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The Boston Globe

Sports

New England Challenge Championship

Conn. senior All-Stars defeat Mass. baseball team

MEDFORD — In one of the last high school baseball games of the 2013 season, the Connecticut senior All-Star team defeated Massachusetts’ squad, 2-1, in the New England Challenge Championship on Saturday at Tufts University’s Huskins Field.

The home-field advantage was not enough for Massachusetts to win the pitchers’ duel in coach Pete Moscariello’s last game before retirement. The Reading skipper coached the Massachusetts All-Stars with his entire Rockets staff. Going out with a loss didn’t bring Moscariello down in the least.

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“I really appreciated the opportunity . . . it was really special. [North Reading’s] Frank Carey is the one who called me and it was very thoughtful and kind. It was a nice way to end my career,” said Moscariello.

Connecticut put two runs on the board in the second inning. Travis Salois (RHAM) had a leadoff double off Massachusetts starter Tom McDonald (BC High). Zac Brown (North Haven) followed with a single. Game MVP Keith Klebart (Amity) drove his teammates in with a double off McDonald, who went two innings, giving up a walk and striking out one before being relieved by Andrew Wells (Whittier Tech).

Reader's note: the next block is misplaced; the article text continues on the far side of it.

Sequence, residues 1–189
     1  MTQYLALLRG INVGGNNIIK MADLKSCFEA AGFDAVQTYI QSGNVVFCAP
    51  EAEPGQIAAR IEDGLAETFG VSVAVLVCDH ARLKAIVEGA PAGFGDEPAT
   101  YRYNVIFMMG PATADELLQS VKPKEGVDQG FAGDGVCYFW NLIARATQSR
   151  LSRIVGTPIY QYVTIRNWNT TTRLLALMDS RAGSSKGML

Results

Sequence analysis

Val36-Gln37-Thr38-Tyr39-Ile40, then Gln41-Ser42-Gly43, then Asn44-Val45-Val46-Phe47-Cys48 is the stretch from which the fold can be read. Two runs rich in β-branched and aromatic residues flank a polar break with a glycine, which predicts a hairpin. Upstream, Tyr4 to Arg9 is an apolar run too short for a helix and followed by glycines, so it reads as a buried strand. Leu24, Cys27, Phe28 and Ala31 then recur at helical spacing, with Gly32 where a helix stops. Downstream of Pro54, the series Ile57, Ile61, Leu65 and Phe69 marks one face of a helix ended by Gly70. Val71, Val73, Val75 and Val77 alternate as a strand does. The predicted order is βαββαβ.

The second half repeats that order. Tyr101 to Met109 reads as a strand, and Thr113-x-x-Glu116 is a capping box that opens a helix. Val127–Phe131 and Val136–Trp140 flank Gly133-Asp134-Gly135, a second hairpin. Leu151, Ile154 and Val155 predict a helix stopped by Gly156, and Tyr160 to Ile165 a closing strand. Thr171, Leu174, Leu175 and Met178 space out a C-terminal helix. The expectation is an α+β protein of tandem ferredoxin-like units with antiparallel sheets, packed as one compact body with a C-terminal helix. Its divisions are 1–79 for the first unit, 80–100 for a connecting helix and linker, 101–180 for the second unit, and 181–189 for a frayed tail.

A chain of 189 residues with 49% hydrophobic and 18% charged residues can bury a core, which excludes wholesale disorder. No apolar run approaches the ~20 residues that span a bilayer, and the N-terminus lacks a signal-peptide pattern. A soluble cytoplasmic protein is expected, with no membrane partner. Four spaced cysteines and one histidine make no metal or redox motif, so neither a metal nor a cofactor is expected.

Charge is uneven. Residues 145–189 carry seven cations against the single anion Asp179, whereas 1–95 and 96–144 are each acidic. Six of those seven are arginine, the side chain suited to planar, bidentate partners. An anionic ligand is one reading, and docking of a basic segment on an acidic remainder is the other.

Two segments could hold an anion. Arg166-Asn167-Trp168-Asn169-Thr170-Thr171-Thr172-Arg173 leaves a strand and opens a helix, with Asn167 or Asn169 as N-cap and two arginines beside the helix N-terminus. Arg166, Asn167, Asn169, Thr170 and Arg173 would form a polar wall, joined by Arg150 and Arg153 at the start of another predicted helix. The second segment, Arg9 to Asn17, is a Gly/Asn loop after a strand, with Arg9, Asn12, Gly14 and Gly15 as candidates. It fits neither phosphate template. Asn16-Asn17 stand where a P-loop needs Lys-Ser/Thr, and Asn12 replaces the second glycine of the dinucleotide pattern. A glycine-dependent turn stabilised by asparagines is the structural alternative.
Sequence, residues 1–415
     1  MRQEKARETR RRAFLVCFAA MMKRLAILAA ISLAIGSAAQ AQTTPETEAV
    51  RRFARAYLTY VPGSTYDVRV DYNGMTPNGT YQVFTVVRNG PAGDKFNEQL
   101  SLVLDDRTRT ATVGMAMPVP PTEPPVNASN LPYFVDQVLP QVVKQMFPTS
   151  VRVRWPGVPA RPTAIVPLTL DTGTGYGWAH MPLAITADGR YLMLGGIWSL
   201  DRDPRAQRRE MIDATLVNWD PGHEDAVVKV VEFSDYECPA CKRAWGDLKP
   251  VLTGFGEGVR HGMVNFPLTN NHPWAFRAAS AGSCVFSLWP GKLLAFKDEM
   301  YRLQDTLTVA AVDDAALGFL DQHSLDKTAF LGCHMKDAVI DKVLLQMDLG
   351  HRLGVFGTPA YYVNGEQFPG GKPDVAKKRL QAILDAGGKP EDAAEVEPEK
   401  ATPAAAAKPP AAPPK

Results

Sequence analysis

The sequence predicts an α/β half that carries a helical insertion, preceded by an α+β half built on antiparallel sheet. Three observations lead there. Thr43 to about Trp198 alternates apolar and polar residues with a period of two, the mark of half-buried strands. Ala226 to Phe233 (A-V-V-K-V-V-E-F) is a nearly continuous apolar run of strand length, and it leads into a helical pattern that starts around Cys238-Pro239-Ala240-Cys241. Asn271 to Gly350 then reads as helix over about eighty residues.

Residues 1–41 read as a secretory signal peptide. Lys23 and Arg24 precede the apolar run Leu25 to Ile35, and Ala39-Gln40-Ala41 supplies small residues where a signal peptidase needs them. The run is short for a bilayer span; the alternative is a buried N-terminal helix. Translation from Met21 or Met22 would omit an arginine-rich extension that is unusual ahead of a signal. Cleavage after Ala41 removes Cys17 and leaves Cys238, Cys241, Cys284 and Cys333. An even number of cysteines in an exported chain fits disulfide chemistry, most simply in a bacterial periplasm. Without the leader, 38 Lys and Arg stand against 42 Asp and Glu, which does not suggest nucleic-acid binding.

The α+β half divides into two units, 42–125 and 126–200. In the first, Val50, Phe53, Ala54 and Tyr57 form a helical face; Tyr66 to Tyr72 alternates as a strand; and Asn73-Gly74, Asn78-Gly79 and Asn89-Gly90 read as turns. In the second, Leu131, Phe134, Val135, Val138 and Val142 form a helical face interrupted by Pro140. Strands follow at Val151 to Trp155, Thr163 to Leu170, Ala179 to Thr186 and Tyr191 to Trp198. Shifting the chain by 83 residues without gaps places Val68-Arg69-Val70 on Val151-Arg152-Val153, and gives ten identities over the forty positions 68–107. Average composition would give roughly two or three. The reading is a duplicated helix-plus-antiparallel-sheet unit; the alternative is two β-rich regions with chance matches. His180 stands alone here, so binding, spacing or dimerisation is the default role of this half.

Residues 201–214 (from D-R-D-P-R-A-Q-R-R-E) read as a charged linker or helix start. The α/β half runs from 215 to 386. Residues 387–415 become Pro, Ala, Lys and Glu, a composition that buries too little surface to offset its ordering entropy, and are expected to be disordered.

Wells, who is bound for Worcester State, pitched two innings, sitting down six batters in a row. He was named the game’s best pitcher.

“It felt pretty good to get out there and represent my school and Massachusetts. I just pitched how I pitched all year. They made contact and the defense made the plays. [That] made it pretty easy,” Wells said.

Massachusetts scored its only run in the fourth off Connecticut’s Michael Concato (Amity). Nashoba’s Drew Foster led off with a base hit before Hingham’s Ed Bowler walked. Bishop Connolly catcher Ian Chaney singled to drive in Foster.

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Neither team recorded a hit after the fifth but Massachusetts made things interesting in the ninth. Alex Toomey (Beverly) came to the plate with two outs and the tying run on second, but grounded out.

“I don’t think either team swung really well. I don’t know if it was the pitching was that good or just some guys haven’t swung as much since the high school season ended,” said Moscariello.

Moscariello said his message was to have fun and he wanted to make sure everyone got equal playing time.

“You know, you play to win, but you want everyone to get the same opportunity,” he said. “I got a nice chance to get to know these guys and pick their brains and learn some things about what their programs do. To me, overall, it was a happy day.”

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